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Maquette for Tlingit

1979 Robert Hudson Born: Salt Lake City, Utah 1938 welded steel, assembled and painted 31 7/8 x 15 1/8 x 12 in. (81.0 x 38.5 x 30.5 cm) Smithsonian American Art Museum Transfer from the General Services Administration 1980.49.18 Smithsonian American Art Museum
Luce Foundation Center, 4th Floor, 51A


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Maquette for Tlingit
from American Art staff

Luce Center Label

Robert Hudson created Tlingit for the Federal Building and United States Courthouse in Anchorage, Alaska, as part of the government’s Art-in-Architecture Program. He named the piece in honor of the native Tlingit people, who live primarily along the northern stretches of the Alaskan coast. The full-size sculpture stands on a reflecting pool in the atrium of the building, and the flattened cubelike shapes that make up the piece echo the angles and shapes in the surrounding architecture. Hudson created this small maquette as a study before starting work on the finished version, which was close to sixteen feet tall. He painted the interior faces of the cubes so that the colors could bounce and reflect off of the different surfaces. Many people who worked in the offices around the sculpture at the time did not approve of the commission, and occasionally threw things at the artist as he began the installation. (Hudson, interview, 2006)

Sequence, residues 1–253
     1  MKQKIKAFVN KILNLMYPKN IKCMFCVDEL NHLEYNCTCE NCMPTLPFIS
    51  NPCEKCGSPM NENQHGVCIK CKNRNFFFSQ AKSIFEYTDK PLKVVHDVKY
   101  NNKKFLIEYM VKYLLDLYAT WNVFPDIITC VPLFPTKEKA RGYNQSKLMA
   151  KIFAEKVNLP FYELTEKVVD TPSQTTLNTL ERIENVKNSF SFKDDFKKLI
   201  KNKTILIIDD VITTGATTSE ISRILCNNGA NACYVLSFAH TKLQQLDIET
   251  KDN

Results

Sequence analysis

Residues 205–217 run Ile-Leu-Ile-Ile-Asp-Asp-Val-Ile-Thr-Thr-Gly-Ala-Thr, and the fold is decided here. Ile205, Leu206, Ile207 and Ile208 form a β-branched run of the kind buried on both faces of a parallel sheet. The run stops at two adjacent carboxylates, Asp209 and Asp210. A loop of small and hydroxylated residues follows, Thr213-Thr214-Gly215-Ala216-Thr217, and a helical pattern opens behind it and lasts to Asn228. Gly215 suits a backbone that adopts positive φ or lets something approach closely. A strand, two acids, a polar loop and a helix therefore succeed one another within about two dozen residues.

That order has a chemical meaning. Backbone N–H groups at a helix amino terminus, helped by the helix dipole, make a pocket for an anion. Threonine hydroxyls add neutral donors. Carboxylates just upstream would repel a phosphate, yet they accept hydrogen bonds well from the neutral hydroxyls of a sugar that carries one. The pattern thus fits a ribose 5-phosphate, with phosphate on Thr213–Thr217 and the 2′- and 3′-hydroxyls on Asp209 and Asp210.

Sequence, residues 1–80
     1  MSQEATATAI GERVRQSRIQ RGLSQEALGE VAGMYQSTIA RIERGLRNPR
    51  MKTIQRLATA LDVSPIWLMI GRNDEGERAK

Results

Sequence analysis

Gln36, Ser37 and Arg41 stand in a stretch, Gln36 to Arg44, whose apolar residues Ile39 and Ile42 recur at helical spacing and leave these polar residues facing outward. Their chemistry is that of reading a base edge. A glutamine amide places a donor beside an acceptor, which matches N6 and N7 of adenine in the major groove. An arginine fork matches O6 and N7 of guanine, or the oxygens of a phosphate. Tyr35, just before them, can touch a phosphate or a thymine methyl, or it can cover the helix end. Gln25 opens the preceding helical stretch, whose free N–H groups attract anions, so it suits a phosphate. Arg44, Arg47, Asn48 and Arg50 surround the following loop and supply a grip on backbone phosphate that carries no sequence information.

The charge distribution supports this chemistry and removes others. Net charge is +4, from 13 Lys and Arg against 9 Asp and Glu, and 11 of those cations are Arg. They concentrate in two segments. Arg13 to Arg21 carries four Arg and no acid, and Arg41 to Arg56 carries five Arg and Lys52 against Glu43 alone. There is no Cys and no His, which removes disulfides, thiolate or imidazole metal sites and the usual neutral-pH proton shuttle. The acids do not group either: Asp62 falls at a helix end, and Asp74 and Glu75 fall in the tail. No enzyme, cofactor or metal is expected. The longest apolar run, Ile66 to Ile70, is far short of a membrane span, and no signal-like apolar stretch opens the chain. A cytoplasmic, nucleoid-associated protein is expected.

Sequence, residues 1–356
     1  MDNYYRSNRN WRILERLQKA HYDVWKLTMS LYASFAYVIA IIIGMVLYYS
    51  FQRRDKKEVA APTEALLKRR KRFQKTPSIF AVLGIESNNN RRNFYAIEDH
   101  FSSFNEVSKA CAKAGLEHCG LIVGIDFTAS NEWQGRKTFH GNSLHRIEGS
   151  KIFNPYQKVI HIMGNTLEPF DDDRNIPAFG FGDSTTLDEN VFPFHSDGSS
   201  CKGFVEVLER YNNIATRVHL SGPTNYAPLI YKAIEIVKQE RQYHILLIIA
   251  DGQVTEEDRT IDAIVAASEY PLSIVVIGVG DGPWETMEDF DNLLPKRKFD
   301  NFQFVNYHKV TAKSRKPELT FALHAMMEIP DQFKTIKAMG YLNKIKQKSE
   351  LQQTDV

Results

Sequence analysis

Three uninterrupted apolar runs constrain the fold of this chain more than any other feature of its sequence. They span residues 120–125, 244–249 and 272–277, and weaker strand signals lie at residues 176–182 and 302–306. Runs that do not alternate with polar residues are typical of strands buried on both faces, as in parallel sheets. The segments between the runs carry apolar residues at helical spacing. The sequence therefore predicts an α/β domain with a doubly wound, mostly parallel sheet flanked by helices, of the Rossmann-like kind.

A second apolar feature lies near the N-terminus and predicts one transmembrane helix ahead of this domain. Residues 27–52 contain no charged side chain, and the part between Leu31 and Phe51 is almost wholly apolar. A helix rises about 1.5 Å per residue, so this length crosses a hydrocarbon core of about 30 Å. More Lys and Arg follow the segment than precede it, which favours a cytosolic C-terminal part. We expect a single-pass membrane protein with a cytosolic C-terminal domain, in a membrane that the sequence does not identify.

Keywords

Abstract - geometric

Study - sculpture model

General Services Administration - Art-in-Architecture Program

sculpture - maquette

metal - steel

About Robert Hudson

Born: Salt Lake City, Utah 1938

More works in the collection by
Robert Hudson